As a result of the chaos, the Social Democrats went into the 1914 elections with little in the way of planning. Co-operation with local labour organisations was sporadic, as was co-operation with the remnants of the United Labour Party. However, union anger at the government for its "heavy-handed" response to the 1913 strikes was still strong, and the outbreak of World War I had also strengthened the labour vote. In the election, Paddy Webb and James McCombs retained their seats under the Social Democratic banner while the remnants of the United Labour Party won three seats, and a labour-aligned independent John Payne was also successful.
World War I, also known as the First World War or the Great War, was a global war originating in Europe that lasted from 28 July 1914 to 11 November 1918. Contemporaneously described as "the war to end all wars", it led to the mobilisation of more than 70 million military personnel, including 60 million Europeans, making it one of the largest wars in history. It is also one of the deadliest conflicts in history, with an estimated nine million combatants and seven million civilian deaths as a direct result of the war, while resulting genocides and the 1918 influenza pandemic caused another 50 to 100 million deaths worldwide.
John Payne was a New Zealand politician.
By 1915, the Social Democrats had in its ranks 2 MPs, 2 Mayors; 17 city and borough councillors, 6 members of hospital and charitable aid boards and 2 members of harbour boards.
The six labour-aligned MPs worked together in Parliament despite being from different parties, with Alfred Hindmarsh of the United Labour Party selected as the unified caucus' chairman.In August 1915, when Massey formed his Liberal-Reform coalition government, he extended an invitation to Hindmarsh's caucus. The "Labour" members declined the offer and, as a result, became the official Opposition in Parliament.
Two years later, in 1916, the close working relationship between the Social Democrats and the ULP remnant was formalised with a merger – the two officially came together as the Labour Party, the same organisation that survives today.The organisation of the Social Democratic Party survived however, and the more militant inclined members of the newly formed Labour Party remained as an "alter-ego" of Labour still campaigning for the goal of complete socialisation until their eventual disbandment in June 1922.
The United Party of New Zealand, a party formed out of the remnants of the Liberal Party, formed a government between 1928 and 1935, and in 1936 merged with the Reform Party to establish the National Party.
The New Zealand Democrat Party was a political party in New Zealand, founded in 1934 with the purpose of opposing socialist legislation by the government.
The Country Party of New Zealand was a political party which appealed to rural voters. It was represented in Parliament from 1928 to 1938. Its policies were a mixture of rural advocacy and social credit theory.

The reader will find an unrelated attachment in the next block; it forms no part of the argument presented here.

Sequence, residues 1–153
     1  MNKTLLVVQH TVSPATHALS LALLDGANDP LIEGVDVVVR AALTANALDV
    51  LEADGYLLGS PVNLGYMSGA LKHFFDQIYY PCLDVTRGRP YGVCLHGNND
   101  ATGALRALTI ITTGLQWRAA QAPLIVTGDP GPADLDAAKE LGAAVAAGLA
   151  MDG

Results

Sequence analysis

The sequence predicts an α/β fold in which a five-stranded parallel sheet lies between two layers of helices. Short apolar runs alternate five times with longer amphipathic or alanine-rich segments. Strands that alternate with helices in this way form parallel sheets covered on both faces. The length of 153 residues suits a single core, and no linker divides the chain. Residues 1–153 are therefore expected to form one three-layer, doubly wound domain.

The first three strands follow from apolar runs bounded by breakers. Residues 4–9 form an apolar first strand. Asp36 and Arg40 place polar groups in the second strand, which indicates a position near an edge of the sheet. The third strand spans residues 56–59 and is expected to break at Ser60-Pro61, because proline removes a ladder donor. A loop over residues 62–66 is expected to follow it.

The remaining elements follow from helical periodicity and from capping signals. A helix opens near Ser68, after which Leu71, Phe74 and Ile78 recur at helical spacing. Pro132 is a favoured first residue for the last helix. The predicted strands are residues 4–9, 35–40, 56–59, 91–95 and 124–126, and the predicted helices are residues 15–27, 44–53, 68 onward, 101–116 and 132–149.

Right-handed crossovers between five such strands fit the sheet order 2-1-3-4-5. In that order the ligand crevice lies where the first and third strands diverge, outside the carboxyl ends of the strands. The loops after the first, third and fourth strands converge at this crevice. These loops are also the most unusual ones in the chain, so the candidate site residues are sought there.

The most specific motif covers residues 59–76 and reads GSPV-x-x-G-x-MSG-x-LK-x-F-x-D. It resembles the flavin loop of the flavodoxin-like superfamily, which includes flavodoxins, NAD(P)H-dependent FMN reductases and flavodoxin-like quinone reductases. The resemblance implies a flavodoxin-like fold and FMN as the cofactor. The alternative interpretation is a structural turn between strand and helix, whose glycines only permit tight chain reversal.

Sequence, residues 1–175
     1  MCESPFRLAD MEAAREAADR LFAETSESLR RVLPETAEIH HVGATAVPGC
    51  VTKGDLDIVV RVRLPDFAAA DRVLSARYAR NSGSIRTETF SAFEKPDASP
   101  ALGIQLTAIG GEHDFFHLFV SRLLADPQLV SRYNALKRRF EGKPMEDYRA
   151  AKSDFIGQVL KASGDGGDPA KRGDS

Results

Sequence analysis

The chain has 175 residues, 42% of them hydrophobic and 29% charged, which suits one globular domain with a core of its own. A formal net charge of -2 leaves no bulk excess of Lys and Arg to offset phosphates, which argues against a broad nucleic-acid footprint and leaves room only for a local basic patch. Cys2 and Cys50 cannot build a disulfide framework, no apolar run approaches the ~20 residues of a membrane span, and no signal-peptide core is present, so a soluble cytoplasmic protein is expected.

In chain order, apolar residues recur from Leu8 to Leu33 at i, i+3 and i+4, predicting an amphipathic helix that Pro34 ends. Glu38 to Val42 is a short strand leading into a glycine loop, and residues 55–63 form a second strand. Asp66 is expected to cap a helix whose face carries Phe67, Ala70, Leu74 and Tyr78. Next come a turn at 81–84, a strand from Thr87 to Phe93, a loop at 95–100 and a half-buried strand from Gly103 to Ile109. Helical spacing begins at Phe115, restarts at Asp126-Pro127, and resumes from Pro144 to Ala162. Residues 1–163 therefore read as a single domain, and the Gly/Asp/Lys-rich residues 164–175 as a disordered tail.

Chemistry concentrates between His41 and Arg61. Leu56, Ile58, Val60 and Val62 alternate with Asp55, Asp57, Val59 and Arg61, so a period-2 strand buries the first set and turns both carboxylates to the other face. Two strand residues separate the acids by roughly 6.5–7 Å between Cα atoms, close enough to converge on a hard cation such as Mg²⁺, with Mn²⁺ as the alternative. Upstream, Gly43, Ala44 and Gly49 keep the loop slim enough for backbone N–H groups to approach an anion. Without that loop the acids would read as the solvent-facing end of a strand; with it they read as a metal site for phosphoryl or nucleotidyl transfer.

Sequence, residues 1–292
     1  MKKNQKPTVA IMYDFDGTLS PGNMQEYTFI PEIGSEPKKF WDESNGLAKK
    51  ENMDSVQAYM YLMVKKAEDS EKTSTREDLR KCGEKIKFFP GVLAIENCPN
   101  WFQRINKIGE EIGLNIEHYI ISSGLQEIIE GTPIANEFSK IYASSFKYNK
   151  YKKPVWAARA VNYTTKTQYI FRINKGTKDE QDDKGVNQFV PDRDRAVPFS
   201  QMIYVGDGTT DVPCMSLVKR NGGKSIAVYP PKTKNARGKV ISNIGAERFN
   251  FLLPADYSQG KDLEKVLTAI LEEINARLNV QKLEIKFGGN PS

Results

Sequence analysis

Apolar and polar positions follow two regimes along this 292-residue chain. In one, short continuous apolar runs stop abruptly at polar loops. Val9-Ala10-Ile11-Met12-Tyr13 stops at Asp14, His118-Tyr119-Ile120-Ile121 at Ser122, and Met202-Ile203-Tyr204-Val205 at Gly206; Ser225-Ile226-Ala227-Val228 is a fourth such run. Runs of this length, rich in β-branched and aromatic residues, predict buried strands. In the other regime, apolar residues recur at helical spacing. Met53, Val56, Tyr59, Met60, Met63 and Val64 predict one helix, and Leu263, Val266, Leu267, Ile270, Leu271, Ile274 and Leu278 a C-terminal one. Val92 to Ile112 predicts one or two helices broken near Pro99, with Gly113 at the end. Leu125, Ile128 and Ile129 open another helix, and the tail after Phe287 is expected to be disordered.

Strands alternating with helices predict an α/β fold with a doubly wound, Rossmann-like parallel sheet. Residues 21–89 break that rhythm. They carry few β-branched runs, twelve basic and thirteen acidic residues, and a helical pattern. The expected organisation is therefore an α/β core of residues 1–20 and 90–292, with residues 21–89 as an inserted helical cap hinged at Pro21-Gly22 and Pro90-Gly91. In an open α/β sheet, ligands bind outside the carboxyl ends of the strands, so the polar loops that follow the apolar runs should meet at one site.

The Independent Political Labour League (IPLL) was a small New Zealand political party. It was the second organised political party to win a seat in the House of Representatives, and was a forerunner of the modern Labour Party.
The original New Zealand Labour Party was a short-lived left-wing political party in New Zealand. It is a predecessor of the modern Labour Party
Alfred Humphrey Hindmarsh was a New Zealand politician, lawyer and unionist. He died in the 1918 influenza epidemic.
The Second Labour Government of New Zealand was the government of New Zealand from 1957 to 1960. It was most notable for raising taxes on alcohol, cigarettes and petrol, a move which was probably responsible for the government lasting for only one term.
Andrew Walker was a New Zealand politician of the United Labour Party and then the Labour Party from Dunedin.
William Edward Parry was a New Zealand Minister and trade unionist.
Pressly Hemingway Matthews was a New Zealand politician and the second leader (1960–1963) of New Zealand's Social Credit Party.
Sir Ernest Hyam Davis was a New Zealand businessman, and was Mayor of Auckland City from 1935 to 1941. He was also on other Auckland local bodies and on various philanthropic and sporting organisations. He was Mayor of Newmarket 1909–1910.
The temperance movement in New Zealand aims at curbing the drinking of alcohol in the country. Although it met with local success, it narrowly failed to impose national prohibition on a number of occasions in the early twentieth century. Temperance organisations remain active in the country today.
The New Zealand Labour Party leadership election, 1919 was held on 27 August 1919 to choose the next leader of the New Zealand Labour Party. The election was won by Grey MP Harry Holland.
The New Zealand Liberal Party leadership election 1912 was held on 22 March to choose the next leader of the New Zealand Liberal Party. The election was won by Thomas Mackenzie, who succeeded Joseph Ward.
The Lee Affair was an event that transpired in the late 1930s in New Zealand revolving around Labour Party MP John A. Lee's repeated vocal, public critiquing of his party's leadership. The affair culminated with Lee's expulsion from the Labour Party who then formed his own Democratic Labour Party causing a sizeable rift in party membership.
In April 1912 and July 1913, two "unity conferences" were held to discuss and determine the future of organised labour in New Zealand. The events mainly centred around the debate over whether industrial action or political activity should be the means of achieving the aims of workers and additionally to unite the "moderate" and "militant" factions within the labour movement. Whilst neither conference fully unified the labour movement, it laid a framework of co-operation that would later assist during the creation of the current New Zealand Labour Party in 1916.